Monday, October 20, 2008

Pakistani-Americans Ask Obama to Cool it

Pakistani-Americans ask Obama to ease rhetoric about bombing targets in Pakistan

By Noreen S. Ahmed-Ullah

Chicago Tribune

October 10, 2008

A group of Pakistani-Americans and anti-war activists delivered a letter Thursday to the Chicago office of Sen. Barack Obama, calling on him to cool political rhetoric about bombing targets in Pakistan.

"We are particularly concerned with your public pronouncements earlier this week in support of violating the borders of our ally, the country of Pakistan. . . . You must understand the sweeping dismay that your avowed support for U.S. military incursions into Pakistan . . . has elicited among untold numbers of Pakistani-Americans and peace activists across the country," the letter stated.

During his debate Tuesday with Sen. John McCain, Obama said he was not calling for the invasion of Pakistan. But Obama added, "If Pakistan is unable or unwilling to hunt down [Osama] bin Laden and take him out, then we should."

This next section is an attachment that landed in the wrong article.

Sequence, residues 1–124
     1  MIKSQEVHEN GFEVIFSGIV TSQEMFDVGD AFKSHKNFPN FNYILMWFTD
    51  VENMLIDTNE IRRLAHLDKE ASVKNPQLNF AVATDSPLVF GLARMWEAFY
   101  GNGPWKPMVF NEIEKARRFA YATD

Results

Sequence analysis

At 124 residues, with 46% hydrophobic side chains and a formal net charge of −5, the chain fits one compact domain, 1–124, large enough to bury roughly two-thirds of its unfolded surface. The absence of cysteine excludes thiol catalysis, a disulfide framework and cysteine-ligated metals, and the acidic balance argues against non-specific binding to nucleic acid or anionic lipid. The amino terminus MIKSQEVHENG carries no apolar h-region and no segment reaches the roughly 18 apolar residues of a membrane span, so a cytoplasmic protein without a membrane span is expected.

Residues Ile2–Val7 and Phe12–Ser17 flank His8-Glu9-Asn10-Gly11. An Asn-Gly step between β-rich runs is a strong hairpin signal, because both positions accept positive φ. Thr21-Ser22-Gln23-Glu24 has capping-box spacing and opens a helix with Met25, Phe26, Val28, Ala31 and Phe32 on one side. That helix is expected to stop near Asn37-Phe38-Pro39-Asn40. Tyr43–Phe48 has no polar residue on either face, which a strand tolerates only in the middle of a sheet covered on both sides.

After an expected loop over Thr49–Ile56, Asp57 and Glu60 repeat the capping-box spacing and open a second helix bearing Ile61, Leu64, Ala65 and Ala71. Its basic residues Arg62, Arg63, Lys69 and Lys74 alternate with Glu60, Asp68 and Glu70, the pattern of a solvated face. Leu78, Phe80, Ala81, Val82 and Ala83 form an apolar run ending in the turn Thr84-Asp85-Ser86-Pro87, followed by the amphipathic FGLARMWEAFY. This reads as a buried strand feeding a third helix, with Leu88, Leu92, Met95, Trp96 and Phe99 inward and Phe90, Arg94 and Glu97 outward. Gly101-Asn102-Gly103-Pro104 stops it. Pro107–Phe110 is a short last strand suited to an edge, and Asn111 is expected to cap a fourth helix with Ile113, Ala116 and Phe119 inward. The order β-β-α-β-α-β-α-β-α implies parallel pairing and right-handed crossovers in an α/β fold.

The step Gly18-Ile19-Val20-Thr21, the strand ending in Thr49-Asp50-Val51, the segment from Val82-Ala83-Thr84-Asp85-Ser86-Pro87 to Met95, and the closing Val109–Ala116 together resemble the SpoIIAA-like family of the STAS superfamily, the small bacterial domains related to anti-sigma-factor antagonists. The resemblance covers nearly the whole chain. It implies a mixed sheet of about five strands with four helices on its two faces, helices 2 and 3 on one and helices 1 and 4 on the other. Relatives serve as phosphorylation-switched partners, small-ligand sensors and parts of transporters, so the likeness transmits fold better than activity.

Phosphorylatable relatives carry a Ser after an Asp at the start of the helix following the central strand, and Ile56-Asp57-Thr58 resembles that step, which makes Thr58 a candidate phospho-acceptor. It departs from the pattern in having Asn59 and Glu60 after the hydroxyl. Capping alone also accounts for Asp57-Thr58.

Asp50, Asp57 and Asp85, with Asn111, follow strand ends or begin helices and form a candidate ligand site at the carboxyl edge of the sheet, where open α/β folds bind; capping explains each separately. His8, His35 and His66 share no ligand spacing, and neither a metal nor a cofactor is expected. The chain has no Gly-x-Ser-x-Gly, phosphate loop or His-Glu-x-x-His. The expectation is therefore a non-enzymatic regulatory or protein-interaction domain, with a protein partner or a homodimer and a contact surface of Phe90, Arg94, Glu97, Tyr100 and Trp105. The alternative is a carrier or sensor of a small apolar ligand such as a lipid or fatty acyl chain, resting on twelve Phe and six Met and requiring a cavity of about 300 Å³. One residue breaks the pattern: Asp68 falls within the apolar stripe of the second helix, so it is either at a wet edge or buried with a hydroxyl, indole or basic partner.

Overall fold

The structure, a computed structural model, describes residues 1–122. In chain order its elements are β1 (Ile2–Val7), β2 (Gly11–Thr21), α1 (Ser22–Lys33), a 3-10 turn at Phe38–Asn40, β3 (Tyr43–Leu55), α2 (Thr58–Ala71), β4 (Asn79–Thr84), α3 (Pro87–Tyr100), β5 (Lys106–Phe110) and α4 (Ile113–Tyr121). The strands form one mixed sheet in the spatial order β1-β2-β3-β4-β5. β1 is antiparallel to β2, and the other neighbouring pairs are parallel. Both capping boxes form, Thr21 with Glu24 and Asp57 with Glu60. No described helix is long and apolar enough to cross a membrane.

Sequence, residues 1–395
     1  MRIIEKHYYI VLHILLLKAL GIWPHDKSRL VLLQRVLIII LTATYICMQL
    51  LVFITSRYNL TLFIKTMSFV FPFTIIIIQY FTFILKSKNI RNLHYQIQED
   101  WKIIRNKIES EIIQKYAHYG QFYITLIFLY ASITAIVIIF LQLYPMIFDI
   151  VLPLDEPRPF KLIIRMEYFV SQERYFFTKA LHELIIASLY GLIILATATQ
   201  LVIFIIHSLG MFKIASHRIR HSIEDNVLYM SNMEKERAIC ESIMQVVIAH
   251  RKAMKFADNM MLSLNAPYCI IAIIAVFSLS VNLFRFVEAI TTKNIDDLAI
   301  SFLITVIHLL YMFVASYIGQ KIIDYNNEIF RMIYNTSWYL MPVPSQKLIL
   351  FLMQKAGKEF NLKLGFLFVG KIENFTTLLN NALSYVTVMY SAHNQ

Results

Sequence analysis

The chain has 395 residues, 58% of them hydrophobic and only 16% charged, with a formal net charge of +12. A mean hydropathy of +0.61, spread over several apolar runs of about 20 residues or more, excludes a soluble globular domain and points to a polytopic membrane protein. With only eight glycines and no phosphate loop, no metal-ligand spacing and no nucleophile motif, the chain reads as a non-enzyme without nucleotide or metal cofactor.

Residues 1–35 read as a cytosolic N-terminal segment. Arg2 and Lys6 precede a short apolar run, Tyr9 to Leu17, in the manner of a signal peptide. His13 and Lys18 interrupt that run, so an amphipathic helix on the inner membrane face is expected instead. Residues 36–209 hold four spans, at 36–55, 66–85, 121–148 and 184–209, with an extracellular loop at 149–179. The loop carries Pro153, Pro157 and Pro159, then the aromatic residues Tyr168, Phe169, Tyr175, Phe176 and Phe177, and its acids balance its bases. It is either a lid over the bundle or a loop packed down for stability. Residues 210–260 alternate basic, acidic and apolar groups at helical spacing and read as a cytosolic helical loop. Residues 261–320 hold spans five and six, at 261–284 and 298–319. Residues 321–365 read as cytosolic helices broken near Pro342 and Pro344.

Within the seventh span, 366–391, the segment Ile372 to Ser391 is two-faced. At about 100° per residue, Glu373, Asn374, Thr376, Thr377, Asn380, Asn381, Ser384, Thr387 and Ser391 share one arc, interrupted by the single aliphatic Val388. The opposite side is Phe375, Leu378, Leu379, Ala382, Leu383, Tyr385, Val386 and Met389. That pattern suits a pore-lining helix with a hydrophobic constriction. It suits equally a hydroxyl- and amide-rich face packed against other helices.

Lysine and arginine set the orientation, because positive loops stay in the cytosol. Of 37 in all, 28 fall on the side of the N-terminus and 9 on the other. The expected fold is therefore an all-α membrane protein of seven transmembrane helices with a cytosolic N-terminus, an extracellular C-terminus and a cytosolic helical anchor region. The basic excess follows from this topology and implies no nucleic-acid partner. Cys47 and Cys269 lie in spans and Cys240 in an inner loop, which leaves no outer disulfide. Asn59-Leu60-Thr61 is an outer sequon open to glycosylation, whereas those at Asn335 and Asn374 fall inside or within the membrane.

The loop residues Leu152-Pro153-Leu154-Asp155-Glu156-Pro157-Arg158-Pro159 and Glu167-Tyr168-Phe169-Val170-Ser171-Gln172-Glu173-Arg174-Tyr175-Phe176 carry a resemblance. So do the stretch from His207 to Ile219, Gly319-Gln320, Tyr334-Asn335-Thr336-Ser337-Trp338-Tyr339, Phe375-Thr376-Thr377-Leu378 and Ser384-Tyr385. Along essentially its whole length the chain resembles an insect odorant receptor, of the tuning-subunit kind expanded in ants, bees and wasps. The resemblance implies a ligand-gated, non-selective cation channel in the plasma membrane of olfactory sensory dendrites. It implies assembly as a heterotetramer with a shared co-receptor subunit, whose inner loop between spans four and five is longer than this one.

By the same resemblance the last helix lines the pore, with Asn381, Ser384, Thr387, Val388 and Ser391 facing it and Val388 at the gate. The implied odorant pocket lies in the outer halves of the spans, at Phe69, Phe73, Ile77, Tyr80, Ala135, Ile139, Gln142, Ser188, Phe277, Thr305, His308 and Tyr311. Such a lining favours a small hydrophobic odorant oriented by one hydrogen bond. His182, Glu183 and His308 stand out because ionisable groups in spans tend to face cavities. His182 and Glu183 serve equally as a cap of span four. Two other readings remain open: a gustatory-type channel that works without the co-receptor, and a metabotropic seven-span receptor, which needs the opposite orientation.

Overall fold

Ifti Nasim, host of a Pakistani radio show in Chicago called "Sargam," said the U.S. was "making a mistake" by "attacking Pakistan and making Pakistan your enemy."

He and other protesters criticized U.S. military incursions into Pakistan's tribal areas in the northwest part of the country to attack Taliban and Al Qaeda targets. They also decried the Bush administration's use of unmanned military drone aircraft, which have resulted in civilian deaths.

Nasim said McCain wants to continue the policy. The group plans to send a similar letter to the Arizona senator.

According to Said Umar Khan, his hometown of Mardan outside Peshawar in Pakistan's troubled North-West Frontier Province has seen a wave of displaced people escaping fighting in the tribal areas.

On Thursday, Obama campaign officials restated his comments from the debate this week. They said Obama understands Pakistan is an "important ally" and is calling for a partnership with the South Asian nation through increased U.S. aid for health, education and security.

Pakistani-Americans and other immigrant and anti-war groups such as the Chicago Coalition Against War and Racism are planning an anti-war march at 2 p.m. Saturday at Devon Avenue and Leavitt Street.

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